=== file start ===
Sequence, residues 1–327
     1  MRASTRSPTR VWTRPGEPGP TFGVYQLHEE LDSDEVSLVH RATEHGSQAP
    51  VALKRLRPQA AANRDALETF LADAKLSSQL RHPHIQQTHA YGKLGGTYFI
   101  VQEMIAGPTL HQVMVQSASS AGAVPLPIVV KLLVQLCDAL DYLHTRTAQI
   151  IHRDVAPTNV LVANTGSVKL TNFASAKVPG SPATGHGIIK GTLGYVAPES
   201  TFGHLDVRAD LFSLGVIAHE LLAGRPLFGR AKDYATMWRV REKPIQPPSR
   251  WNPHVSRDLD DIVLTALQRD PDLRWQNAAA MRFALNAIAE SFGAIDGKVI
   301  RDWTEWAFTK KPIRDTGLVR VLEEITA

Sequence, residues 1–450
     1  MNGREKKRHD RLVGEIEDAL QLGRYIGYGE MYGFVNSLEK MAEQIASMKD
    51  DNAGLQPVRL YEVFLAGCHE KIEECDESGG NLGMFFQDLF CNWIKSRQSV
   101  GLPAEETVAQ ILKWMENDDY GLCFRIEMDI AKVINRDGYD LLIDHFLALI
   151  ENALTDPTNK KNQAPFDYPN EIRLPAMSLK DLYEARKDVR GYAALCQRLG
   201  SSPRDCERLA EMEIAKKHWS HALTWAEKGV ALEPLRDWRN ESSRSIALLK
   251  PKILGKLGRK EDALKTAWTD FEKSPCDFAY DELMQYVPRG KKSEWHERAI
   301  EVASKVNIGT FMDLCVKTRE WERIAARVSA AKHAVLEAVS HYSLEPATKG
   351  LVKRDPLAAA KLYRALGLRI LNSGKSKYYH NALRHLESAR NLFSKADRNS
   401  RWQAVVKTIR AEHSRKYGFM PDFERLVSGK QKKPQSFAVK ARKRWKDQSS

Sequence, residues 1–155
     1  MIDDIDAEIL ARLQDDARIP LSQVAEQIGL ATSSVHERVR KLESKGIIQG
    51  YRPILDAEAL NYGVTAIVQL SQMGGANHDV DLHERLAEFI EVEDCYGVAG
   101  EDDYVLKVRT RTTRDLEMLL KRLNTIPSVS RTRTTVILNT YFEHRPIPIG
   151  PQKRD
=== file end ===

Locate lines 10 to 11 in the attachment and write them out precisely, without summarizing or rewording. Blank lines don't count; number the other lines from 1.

     1  MNGREKKRHD RLVGEIEDAL QLGRYIGYGE MYGFVNSLEK MAEQIASMKD
    51  DNAGLQPVRL YEVFLAGCHE KIEECDESGG NLGMFFQDLF CNWIKSRQSV